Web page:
At the age of 92, Rupert Murdoch has finally stepped down as chair of News Corp. The ‘most dangerous man in the world’ has put his son in charge. By Rick Morton.

‘I am in robust health’: Rupert Murdoch hands the empire to Lachlan

Lachlan Murdoch and Rupert Murdoch sit in the stands of an arena.
Rupert Murdoch and his son Lachlan at the 2018 tennis US Open.
Credit: Jean Catuffe / GC Images

Rupert Murdoch, 92, has announced he will step down as chair of Fox Corporation and News Corporation from mid-November, ending decades of succession speculation by handing the reins to his eldest boy, Lachlan.

The media mogul, who by his own declaration is in rude health, has opted to become a “chairman emeritus”.

“In my new role, I can guarantee you that I will be involved every day in the contest of ideas,” he said in a memo to staff.

“Our companies are communities, and I will be an active member of our community. I will be watching our broadcasts with a critical eye, reading our newspapers and websites and books with much interest, and reaching out to you with thoughts, ideas, and advice. When I visit your countries and companies, you can expect to see me in the office late on a Friday afternoon.”

The old-school newspaperman, who built a global media empire worth tens of billions of dollars from a base in Adelaide, who used power and mongrel to bend politics – even democracies – to his will and whose family is now worth more than $25 billion, railed against the “elites” in his departing missive.

“My father firmly believed in freedom, and Lachlan is absolutely committed to the cause,” he said.

“Self-serving bureaucracies are seeking to silence those who would question their provenance and purpose. Elites have open contempt for those who are not members of their rarefied class. Most of the media is in cahoots with those elites, peddling political narratives rather than pursuing the truth.”

Those who have worked with both Rupert and Lachlan Murdoch believe his son is the more conservative, more ideologically rapacious. Where Rupert Murdoch could, on occasion, be driven by the realpolitik of his own business interests, that is less true of Lachlan, who has been running the Australian media assets and serving as co-chair of the two media corporations with his father.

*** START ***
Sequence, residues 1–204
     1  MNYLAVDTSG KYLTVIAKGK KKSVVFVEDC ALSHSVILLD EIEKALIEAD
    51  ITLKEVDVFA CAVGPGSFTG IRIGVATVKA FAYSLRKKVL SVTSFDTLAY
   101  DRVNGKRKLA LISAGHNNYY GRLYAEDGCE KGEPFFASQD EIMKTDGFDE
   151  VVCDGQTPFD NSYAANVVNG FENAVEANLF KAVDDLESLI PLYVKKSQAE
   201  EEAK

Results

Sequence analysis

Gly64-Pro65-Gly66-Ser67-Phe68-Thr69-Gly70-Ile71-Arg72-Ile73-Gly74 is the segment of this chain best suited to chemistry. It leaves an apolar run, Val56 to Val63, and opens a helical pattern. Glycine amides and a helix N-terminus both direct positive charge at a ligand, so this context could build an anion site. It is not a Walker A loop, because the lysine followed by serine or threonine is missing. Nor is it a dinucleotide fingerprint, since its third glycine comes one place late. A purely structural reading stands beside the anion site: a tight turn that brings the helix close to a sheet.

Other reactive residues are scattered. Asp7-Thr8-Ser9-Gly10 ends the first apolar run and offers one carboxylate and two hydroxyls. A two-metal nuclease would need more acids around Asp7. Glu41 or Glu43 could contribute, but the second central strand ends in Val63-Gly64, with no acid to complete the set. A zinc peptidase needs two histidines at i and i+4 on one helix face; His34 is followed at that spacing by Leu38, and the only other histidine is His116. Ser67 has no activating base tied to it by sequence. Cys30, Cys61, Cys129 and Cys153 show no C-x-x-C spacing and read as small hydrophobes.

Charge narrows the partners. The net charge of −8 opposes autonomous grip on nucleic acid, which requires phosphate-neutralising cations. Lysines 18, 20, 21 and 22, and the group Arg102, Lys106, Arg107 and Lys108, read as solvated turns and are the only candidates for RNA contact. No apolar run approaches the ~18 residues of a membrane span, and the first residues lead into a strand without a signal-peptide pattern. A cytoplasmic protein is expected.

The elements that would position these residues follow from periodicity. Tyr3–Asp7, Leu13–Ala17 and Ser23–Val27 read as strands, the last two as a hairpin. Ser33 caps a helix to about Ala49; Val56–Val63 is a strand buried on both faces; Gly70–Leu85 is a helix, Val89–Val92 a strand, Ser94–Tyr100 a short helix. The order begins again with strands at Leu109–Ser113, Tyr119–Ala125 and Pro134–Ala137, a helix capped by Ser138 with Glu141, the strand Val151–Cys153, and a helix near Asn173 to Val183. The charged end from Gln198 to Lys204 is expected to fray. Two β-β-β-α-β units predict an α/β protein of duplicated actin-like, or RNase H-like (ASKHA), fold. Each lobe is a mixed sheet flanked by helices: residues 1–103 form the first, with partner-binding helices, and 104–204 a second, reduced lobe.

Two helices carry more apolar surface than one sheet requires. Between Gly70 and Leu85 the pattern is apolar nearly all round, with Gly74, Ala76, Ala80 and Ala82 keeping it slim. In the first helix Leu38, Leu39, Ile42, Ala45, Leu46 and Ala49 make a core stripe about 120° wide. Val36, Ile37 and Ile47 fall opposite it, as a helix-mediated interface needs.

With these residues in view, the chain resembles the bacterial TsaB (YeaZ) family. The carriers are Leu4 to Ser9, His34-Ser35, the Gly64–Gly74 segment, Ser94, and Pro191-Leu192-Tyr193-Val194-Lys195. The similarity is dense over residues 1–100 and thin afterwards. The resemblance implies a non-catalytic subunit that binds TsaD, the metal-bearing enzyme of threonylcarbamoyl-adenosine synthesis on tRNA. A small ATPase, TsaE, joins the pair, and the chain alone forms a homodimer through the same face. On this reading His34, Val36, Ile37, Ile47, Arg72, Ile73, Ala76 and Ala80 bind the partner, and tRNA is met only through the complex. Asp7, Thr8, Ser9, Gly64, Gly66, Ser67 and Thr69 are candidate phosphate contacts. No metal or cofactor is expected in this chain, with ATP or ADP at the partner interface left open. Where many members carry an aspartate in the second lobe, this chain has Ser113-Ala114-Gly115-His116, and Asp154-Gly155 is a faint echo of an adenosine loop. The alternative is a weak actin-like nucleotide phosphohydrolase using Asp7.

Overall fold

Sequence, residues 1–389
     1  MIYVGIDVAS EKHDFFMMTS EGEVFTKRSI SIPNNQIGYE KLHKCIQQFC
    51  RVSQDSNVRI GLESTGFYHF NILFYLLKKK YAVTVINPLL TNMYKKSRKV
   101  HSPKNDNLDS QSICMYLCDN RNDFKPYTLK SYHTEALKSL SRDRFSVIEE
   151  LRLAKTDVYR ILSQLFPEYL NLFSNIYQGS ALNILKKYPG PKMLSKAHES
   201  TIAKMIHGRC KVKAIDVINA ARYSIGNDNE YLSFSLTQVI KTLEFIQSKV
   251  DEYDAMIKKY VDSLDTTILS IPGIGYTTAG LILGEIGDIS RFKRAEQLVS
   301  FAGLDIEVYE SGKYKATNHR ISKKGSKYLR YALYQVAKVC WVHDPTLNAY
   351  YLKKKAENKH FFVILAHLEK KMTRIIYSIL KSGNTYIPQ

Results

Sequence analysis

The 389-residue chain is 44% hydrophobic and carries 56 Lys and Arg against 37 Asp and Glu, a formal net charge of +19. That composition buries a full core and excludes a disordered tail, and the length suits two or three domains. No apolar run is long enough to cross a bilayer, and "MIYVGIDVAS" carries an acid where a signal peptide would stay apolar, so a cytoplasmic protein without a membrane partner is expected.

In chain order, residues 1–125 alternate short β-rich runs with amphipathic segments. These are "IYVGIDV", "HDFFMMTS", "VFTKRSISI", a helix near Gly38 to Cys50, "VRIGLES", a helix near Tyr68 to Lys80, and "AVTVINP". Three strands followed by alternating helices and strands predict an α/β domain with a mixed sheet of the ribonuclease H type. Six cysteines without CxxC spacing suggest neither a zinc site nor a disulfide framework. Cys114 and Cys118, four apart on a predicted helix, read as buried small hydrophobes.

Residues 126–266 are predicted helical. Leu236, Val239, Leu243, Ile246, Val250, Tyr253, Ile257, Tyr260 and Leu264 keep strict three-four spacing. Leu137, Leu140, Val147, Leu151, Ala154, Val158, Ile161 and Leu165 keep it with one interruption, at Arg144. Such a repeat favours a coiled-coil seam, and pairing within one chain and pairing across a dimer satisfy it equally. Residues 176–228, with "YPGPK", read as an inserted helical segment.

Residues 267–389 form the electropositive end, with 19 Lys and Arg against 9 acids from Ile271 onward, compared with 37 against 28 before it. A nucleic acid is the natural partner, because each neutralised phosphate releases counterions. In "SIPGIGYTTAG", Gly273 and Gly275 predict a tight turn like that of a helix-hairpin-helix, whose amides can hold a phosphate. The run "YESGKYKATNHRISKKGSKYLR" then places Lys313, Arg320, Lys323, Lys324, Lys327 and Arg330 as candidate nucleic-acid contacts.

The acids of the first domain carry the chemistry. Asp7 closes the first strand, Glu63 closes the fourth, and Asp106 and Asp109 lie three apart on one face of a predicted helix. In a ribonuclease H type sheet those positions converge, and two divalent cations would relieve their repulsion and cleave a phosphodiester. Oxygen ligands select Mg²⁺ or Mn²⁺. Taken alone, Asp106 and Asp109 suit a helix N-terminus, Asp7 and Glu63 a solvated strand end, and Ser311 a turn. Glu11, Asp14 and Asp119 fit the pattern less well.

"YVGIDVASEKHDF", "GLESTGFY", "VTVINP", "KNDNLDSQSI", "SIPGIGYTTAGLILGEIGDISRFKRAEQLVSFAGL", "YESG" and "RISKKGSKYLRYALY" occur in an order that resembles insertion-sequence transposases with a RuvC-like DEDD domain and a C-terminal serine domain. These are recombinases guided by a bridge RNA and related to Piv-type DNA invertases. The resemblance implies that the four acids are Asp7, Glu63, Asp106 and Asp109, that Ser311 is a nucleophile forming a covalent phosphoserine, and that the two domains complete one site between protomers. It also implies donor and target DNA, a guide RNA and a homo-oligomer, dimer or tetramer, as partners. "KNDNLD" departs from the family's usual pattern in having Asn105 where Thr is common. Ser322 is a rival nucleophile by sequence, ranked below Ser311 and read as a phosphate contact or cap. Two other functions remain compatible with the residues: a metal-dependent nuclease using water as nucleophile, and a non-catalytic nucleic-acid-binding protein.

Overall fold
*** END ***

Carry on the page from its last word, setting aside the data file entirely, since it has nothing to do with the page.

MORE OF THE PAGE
“On behalf of the FOX and News Corp boards of directors, leadership teams, and all the shareholders who have benefited from his hard work, I congratulate my father on his remarkable 70-year career,” Lachlan Murdoch said in a statement posted to the companies’ websites.

“We thank him for his vision, his pioneering spirit, his steadfast determination, and the enduring legacy he leaves to the companies he founded and countless people he has impacted. We are grateful that he will serve as Chairman Emeritus and know he will continue to provide valued counsel to both companies.” 

Rupert Murdoch has four votes on the trust that essentially controls the family empire. Each of his eldest children – Prudence from his first marriage, then Elisabeth, Lachlan and James – have one vote each. On his death, each of his votes will be distributed equally among these four.

His two children with ex-wife Wendi Deng have financial interests, but no votes.

Even among the four in favour, the fight for the top job, and a father’s affection, was never equal. Lachlan was regarded as the “golden child” and, as far back as 1999, Rupert Murdoch believed him the likely heir – if he wanted the job badly enough. Elisabeth, who created and sold the tremendously successful television and film production company Shine Group, has long been seen by some as the best business brain of all the children. Sharp, tactful, liberal and – worst of all – a woman, she was never really in the running. James led the field for a while, when Lachlan clashed with Fox News chairman Roger Ailes, quit, and sulked back to Australia in 2005, but that was a temporary stay in proceedings.

Prudence was never considered. In a 1997 press conference, Rupert Murdoch referred to his “three children”. He apologised to her with “the biggest bunch of flowers – it was bigger than a sofa – and two clementine trees”, she told The Sydney Morning Herald in 1997.

Now, at least with his retirement, Murdoch has chosen to control his exit. His own mother, Dame Elisabeth Murdoch, who lived to 103, believed he would never retire. Murdoch joked – or perhaps, half-joked – that he was interested in the field of medical science that could limit ageing and prolong death.

“Our companies are in robust health, as am I,” Murdoch said in his letter, ever obsessed with vitality. “Our opportunities far exceed our commercial challenges. We have every reason to be optimistic about the coming years – I certainly am, and plan to be here to participate in them.

“But the battle for the freedom of speech and, ultimately, the freedom of thought, has never been more intense.”

Murdoch, who broke off an engagement to conservative radio host Ann Lesley Smith early this year, has started dating again.

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